Is life in a small island country right for you?
You can already see yourself there, spread out on the sun lounger with your sunglasses on and the warm sun on your skin… That’s got to be a good feeling, right? Absolutely!
Living on an island certainly has a lot to offer, and the beaches are no exception. You’ll be surrounded by the local culture and local foods as you try your hand at local activities. However, if you move to an island expecting to have constantly things to do, you may be somewhat disappointed.
While there’s certainly the initial thrill and excitement of the move, you’ll soon come to terms with the fact that time in an island country moves a lot slower, with many people lounging away the hours when they are not working.
If you are moving from a fast-paced corporate environment, then this may come as a bit of a shock. The convenient options found in cities, such as 24/7 supermarkets, will almost definitely not be available. If you can’t imagine life without these convenient options, then living on an island for an extended period of time may not be the best option for you.
Why choose island life?
On the other hand, if you could think of nothing better than whittling away the hours in a warm climate and a relaxed environment, then island life may well be a good idea for you. In Cape Verde, for instance, temperatures normally fit within the 20-25 °C range.
Although the culinary options may be limited, island countries often have access to extremely fresh seafood, as well as the produce grown on the islands, such as tasty coconuts. If the thought of freshly grilled fish makes your mouth water, then you won’t find many places better for it than on an island.
Another reason to choose island life is for the community. As island populations are generally quite small, everyone tends to know each other, which is often not possible in a populous country on the mainland. As a result, you’ll find help from your neighbours is more readily available, even in a tiny island nation.
Even though Cape Verde is a relatively populous island country, you’ll find that community spirit remains at the core of island life.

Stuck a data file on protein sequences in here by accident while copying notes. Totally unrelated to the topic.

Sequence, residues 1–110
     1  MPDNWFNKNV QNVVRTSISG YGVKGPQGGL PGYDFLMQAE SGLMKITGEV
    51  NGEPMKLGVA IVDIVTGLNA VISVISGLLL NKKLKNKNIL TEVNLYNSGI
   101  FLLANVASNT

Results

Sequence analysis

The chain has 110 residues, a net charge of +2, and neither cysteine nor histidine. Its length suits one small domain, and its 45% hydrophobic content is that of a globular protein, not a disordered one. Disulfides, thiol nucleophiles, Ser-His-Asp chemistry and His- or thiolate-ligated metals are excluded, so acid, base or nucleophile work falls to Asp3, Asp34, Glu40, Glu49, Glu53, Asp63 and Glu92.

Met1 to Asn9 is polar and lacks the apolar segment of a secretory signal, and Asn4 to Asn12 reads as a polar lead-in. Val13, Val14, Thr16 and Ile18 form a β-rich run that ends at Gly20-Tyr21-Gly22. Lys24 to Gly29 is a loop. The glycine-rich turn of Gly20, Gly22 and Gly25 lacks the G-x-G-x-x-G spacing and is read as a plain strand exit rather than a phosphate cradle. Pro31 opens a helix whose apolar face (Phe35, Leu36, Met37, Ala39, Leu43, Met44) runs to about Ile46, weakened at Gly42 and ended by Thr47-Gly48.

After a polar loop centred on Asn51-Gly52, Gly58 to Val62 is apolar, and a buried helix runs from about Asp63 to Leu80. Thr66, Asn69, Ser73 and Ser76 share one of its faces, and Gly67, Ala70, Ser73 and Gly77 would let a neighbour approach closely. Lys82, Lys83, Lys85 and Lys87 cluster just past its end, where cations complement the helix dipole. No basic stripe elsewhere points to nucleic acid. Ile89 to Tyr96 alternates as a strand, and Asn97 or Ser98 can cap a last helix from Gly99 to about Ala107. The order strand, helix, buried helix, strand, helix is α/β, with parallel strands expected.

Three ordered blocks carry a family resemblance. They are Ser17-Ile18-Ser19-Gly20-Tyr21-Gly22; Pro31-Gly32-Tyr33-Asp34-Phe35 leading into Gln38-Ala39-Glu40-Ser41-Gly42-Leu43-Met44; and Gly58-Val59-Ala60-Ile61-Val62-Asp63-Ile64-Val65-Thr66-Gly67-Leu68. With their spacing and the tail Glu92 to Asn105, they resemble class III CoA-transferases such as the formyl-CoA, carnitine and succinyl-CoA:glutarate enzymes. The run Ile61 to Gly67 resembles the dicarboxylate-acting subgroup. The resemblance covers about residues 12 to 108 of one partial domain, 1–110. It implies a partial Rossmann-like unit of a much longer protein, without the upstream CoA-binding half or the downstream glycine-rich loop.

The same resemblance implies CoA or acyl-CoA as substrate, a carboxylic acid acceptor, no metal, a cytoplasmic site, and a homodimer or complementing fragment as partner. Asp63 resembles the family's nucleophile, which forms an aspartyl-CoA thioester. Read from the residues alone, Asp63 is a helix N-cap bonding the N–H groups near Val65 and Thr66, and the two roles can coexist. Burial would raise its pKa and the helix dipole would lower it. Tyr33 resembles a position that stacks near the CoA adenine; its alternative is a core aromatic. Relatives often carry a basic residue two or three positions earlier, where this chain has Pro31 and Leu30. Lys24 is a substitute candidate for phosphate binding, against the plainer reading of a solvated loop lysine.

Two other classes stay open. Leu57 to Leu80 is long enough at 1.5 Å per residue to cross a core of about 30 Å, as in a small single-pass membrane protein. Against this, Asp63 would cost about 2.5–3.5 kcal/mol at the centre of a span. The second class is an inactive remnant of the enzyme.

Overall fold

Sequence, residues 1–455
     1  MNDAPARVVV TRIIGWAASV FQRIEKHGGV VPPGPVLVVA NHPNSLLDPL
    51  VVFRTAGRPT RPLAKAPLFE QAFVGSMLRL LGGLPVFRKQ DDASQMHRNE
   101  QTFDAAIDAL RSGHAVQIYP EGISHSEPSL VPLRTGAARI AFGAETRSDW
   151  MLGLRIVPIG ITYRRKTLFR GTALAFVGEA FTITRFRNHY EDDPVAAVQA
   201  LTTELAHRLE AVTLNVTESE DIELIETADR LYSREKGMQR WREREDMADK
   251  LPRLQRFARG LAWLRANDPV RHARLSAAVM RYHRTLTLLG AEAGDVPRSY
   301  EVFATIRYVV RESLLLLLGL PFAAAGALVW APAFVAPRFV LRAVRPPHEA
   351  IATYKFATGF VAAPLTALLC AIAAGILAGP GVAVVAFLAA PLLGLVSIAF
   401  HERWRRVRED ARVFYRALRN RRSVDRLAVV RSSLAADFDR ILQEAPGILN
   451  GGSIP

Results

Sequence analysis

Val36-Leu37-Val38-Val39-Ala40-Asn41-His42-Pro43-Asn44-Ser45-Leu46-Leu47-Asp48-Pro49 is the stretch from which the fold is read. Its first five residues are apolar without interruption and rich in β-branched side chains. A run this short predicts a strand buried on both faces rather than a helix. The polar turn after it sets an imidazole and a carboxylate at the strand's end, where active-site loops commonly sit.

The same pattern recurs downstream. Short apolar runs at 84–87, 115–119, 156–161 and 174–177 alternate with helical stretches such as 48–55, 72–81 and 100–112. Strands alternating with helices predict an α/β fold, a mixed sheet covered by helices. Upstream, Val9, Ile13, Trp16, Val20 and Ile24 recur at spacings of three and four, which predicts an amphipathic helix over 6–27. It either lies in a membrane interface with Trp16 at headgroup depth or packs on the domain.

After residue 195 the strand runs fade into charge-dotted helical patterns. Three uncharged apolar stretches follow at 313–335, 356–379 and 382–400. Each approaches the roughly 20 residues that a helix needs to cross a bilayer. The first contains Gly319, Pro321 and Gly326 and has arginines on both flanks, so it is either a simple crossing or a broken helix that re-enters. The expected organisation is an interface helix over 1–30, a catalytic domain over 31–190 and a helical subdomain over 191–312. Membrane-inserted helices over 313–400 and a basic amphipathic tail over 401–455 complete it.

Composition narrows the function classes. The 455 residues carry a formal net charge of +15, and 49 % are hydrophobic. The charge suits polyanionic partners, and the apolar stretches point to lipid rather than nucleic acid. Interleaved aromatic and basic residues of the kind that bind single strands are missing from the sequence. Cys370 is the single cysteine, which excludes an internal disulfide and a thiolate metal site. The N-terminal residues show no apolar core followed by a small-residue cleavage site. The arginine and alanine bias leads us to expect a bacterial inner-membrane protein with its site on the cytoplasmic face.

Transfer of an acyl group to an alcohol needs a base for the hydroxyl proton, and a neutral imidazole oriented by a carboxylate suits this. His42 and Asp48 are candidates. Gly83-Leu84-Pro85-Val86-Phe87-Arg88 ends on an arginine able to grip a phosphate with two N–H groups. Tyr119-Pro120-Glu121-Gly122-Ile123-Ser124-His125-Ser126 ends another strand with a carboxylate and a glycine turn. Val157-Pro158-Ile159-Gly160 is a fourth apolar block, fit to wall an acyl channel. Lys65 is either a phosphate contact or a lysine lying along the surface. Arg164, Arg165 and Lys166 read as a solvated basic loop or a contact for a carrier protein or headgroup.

Island life: The challenges
Let’s take a closer look into some challenges you can face when moving to an island country. For tourists visiting the small islands, many of these won’t be an issue due to the length of stay, however for those planning to stay for months or even years, some of the challenges, such as the following, may appear:
Availability of products & services
Due to the remoteness of the islands and the demands of its residents, you won’t find the same availability of products that you would find back in your home country. Some products or services may not be available at all, including many popular brands of food, drink, clothes, and more.
Cape Verde is in quite a fortunate position due to its proximity to Europe, attracting travellers from across the country. As such, the islands of Sal and Boa Vista cater for the international crowd, while the other islands have a much more local feel. Even so, Cape Verde is still an island nation, with the variety of products available being more limited than in Europe.
One reason for the lack of variety, is due to the time and cost (more on that later) to ship these goods from their country of origin. Shipments are far less frequent than what is expected in Europe.
If you wish to purchase an item online, then the shipping time will obviously be a lot longer as well. We may love our next-day delivery, but this won’t happen when living on a small island.
Due to the increased transport time and the lower quantity of goods, the cost of the products also increases. As a result, if you frequently purchase imported goods, your cost of living will rise as well.
It is therefore much cheaper, and easier, to purchase local goods and produce. Even in this case, shipments may be infrequent if the goods have to be imported from nearby islands. In Cape Verde, the islands of Sal and Boa Vista do not have their own farms, so produce must be imported from neighbouring islands.
Expense of interisland travel